>
>
> Now let's look at what happens in an insertion-ordered TXO commitment
> scheme.
> For sake of argument, let's assume the best possible case, where every UTXO
> spent in that same block was recently created. Since the UTXO's are
> recently
> created, chances are almost every single one of those "dead" UTXO's will
> have
> been created in the past. Thus, since this is an insertion-ordered data
> structure, those UTXO's exist in an older part of the data structure that
> our
> new block doesn't need to modify at all.
>
> Concretely, again let's imagine a TXO commitment with 8 values in it, and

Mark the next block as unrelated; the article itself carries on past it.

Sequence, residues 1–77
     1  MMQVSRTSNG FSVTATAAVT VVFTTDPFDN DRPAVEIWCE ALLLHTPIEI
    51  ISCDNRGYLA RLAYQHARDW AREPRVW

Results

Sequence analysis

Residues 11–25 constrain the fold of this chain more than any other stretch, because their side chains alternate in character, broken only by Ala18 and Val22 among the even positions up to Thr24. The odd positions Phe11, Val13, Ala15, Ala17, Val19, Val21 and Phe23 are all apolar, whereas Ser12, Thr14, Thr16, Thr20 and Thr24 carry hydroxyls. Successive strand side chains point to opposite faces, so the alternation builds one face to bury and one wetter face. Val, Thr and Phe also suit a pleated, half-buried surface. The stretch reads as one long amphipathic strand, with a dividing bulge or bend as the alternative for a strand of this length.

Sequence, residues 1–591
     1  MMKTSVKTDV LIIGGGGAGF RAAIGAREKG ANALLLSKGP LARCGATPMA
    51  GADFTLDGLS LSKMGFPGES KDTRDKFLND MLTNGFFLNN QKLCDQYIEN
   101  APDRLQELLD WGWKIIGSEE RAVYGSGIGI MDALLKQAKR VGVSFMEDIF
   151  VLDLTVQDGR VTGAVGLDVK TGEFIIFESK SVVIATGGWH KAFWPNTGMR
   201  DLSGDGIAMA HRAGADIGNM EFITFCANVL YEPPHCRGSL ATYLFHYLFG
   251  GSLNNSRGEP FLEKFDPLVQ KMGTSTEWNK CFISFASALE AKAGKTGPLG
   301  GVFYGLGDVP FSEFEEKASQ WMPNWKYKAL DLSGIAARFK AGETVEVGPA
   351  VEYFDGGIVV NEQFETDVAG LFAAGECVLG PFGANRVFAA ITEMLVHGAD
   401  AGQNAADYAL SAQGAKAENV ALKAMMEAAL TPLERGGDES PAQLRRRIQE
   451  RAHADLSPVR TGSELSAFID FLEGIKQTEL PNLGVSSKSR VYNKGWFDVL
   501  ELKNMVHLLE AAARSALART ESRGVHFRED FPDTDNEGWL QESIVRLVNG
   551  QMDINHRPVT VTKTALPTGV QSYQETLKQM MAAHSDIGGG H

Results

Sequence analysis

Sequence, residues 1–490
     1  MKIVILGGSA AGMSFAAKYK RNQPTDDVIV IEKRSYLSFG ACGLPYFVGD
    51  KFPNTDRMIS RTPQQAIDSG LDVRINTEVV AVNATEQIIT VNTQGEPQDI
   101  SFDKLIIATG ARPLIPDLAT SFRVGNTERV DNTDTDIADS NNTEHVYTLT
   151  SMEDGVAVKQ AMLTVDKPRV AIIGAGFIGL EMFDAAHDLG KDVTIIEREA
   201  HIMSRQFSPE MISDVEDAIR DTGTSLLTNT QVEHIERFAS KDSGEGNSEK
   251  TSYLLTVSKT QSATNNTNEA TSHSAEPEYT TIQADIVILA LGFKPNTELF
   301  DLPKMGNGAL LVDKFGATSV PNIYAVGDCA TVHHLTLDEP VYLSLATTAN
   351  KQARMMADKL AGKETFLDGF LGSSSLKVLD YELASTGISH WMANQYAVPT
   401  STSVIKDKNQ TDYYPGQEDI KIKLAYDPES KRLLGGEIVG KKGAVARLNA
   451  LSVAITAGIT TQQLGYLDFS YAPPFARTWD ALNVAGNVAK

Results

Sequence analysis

> two
> of them being spent:
>
>                #
>               / \
>              /   \
>             /     \
>            /       \
>           /         \
>          .           #
>         / \         / \
>        /   \       /   \
>       .     .     .     #
>      / \   / \   / \   / \
>     .   . .   . .   . X   X
>
> To mark two coins as spent, we've only had to update 3 inner nodes; while
> our
> tree is higher with those lost coins, those extra inner nodes are amortised
> across all the coins we have to update.
>
>
> The situation gets even better when we look at the *new* UTXO's that our
> block
> creates. Suppose our UTXO set has size n. To mark a single coin as spent,
> we
> have to update log2(n) inner nodes. We do get to amortise this a bit at
> the top
> levels in the tree, but even if we assume the amortisation is totally free,